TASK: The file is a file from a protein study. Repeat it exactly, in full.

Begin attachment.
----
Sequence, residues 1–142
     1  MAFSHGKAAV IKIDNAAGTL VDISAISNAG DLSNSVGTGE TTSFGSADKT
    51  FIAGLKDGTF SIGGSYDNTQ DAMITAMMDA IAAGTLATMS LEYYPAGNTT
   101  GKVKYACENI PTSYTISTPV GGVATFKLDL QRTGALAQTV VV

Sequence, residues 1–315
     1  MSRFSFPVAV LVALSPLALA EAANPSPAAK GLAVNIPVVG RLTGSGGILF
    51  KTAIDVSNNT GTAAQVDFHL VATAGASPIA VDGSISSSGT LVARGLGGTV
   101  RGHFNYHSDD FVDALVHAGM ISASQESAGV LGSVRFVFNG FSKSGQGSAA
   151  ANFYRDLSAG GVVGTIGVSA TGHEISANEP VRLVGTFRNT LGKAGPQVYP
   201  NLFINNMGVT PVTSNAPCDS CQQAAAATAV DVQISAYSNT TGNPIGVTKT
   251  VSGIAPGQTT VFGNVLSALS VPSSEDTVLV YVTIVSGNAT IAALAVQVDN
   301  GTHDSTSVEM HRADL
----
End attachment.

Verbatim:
Sequence, residues 1–142
     1  MAFSHGKAAV IKIDNAAGTL VDISAISNAG DLSNSVGTGE TTSFGSADKT
    51  FIAGLKDGTF SIGGSYDNTQ DAMITAMMDA IAAGTLATMS LEYYPAGNTT
   101  GKVKYACENI PTSYTISTPV GGVATFKLDL QRTGALAQTV VV

Sequence, residues 1–315
     1  MSRFSFPVAV LVALSPLALA EAANPSPAAK GLAVNIPVVG RLTGSGGILF
    51  KTAIDVSNNT GTAAQVDFHL VATAGASPIA VDGSISSSGT LVARGLGGTV
   101  RGHFNYHSDD FVDALVHAGM ISASQESAGV LGSVRFVFNG FSKSGQGSAA
   151  ANFYRDLSAG GVVGTIGVSA TGHEISANEP VRLVGTFRNT LGKAGPQVYP
   201  NLFINNMGVT PVTSNAPCDS CQQAAAATAV DVQISAYSNT TGNPIGVTKT
   251  VSGIAPGQTT VFGNVLSALS VPSSEDTVLV YVTIVSGNAT IAALAVQVDN
   301  GTHDSTSVEM HRADL